- Family and Parenting
My Ancestor and Heroine Hannah Duston
My 8th great grandmother was a brave heroine from the 1600s. She was born and named Hannah Webster Emerson in Haverill, Massachusetts. She married an industrious, thrifty, courageous and respected citizen named Thomas Duston. Together they had twelve children, eight of which lived to adulthood. Thomas provided well for his large family.
During this time there were several raids by the Indians, who would destroy homes. Garrisons and forts were built with soldiers securing them for the townspeople. The Canadian Colonial Governor bribed the Indians against the English immigrants to the United States, hoping to win the New World for his French King.
The Indians were more than happy to scalp the English and take some as prisoners in exchange for food and gifts. There was a lightning Indian raid on Haverill one morning, where Thomas and Hannah and their children lived. Thomas was out doing his chores and spied the incoming Indians. He grabbed his gun, mounted his horse and shouted warnings for his children to run to the garrison.
Hannah had just given birth to Martha six days earlier. Indians chased after the little children, but Thomas was able to hold back the Indians with gunfire. All of the children luckily made it to the garrison on Pecker’s Hill. Hannah and the baby were not so fortunate. The savages took all they could carry from the house waiting for her to dress and with her helper, Mrs. Neff, get the baby. Then Hannah was dragged outside and the house was torched. A total of twenty-seven souls were killed and thirteen people were kidnapped from Haverill.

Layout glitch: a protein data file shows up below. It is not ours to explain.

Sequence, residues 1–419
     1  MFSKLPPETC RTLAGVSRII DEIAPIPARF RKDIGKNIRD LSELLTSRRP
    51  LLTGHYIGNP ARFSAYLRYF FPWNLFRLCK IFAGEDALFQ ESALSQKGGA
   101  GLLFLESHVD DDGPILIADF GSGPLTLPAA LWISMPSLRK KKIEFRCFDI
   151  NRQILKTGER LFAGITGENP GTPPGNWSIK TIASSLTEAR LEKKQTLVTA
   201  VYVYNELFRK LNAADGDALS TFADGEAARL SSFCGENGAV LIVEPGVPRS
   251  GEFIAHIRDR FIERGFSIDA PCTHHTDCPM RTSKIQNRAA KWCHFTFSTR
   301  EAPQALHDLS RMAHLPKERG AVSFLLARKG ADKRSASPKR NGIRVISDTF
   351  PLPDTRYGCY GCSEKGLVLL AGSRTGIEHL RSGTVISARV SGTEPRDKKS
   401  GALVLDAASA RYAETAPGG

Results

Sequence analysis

One of the Indians grabbed the baby from Mrs. Neff and as Hannah watched, the newborn baby’s head was bashed against an apple tree and her brains fell out. The two women were forced at a quick pace into the woods where they were joined by others taken from the town.
The next few days, the group were marched towards Canada, traveling about a dozen miles. Those that could not keep up were scalped. Over a hundred miles through the snowy and rocky wilderness, the captives suffered greatly. Hannah and Mrs. Neff were taken to an island to rest before continuing on to Canada.
Hannah secretly planned her escape, knowing her fate would become even worse in Canada. She had heard rumors of torture, being targets for tomahawks or sold as slaves to the French. She wanted to avenge the death of her baby girl and her ill treatment. She shared her plans with some of the captives. She learned the easiest way to scalp someone and decided that is what she would do.
At the islands, the Indians became careless as they slept soundly and did not set up a watch for the ladies that night. She woke Mrs. Neff and Samuel, another captive, and armed with hatchets they scalped ten of the twelve Indians. There was a squaw and her son who were wounded but let go.
They piled food and weapons including a gun into a canoe and traveled down the Merrimack River. Realizing her adventure may sound incredible, she went back to the island to get the knife of the head Indians, and took all the scalps. They hid by day and traveled at night until they reached Dunstable in New Hampshire. There is a monument erected for Hannah’s bravery in 1902. They eventually reached Haverill and were reunited with their family members.
Hannah had become a baptized Christian and claimed that it was His word that helped her through her affliction. Word of Hannah’s bravery spread widely. Her fame grew by leaps and bounds. Thomas filed a petition to the Governor for the suffering of his wife and child. They were awarded monetarily, but nothing could bring her baby back.
Hannah's heroic actions kept the Indians at bay in the area. I admire the faith and bravery of this remarkable ancestor of mine. I hope I would be as courageous as she was in a difficult circumstance.I also admire Thomas for caring for the children without knowing the outcome or plight of his dear wife, Hannah.
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© 2015 Elayne